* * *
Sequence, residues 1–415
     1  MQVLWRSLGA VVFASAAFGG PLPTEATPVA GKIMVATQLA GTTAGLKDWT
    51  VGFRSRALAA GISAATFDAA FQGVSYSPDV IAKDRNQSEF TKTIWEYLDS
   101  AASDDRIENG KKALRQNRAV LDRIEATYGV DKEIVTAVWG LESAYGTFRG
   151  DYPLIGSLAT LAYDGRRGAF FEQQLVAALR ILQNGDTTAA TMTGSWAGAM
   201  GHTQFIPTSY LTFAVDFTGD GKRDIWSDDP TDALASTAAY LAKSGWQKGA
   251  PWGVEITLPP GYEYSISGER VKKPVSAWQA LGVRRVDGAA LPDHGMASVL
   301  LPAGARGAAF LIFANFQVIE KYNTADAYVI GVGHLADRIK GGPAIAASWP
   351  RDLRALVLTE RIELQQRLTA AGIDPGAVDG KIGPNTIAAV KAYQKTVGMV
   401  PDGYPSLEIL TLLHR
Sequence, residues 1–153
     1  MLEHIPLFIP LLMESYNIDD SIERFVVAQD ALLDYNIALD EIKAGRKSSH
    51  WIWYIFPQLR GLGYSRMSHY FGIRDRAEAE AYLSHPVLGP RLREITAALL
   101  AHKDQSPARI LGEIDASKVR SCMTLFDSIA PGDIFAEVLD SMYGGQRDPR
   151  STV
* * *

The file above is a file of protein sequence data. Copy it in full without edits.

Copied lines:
Sequence, residues 1–415
     1  MQVLWRSLGA VVFASAAFGG PLPTEATPVA GKIMVATQLA GTTAGLKDWT
    51  VGFRSRALAA GISAATFDAA FQGVSYSPDV IAKDRNQSEF TKTIWEYLDS
   101  AASDDRIENG KKALRQNRAV LDRIEATYGV DKEIVTAVWG LESAYGTFRG
   151  DYPLIGSLAT LAYDGRRGAF FEQQLVAALR ILQNGDTTAA TMTGSWAGAM
   201  GHTQFIPTSY LTFAVDFTGD GKRDIWSDDP TDALASTAAY LAKSGWQKGA
   251  PWGVEITLPP GYEYSISGER VKKPVSAWQA LGVRRVDGAA LPDHGMASVL
   301  LPAGARGAAF LIFANFQVIE KYNTADAYVI GVGHLADRIK GGPAIAASWP
   351  RDLRALVLTE RIELQQRLTA AGIDPGAVDG KIGPNTIAAV KAYQKTVGMV
   401  PDGYPSLEIL TLLHR
Sequence, residues 1–153
     1  MLEHIPLFIP LLMESYNIDD SIERFVVAQD ALLDYNIALD EIKAGRKSSH
    51  WIWYIFPQLR GLGYSRMSHY FGIRDRAEAE AYLSHPVLGP RLREITAALL
   101  AHKDQSPARI LGEIDASKVR SCMTLFDSIA PGDIFAEVLD SMYGGQRDPR
   151  STV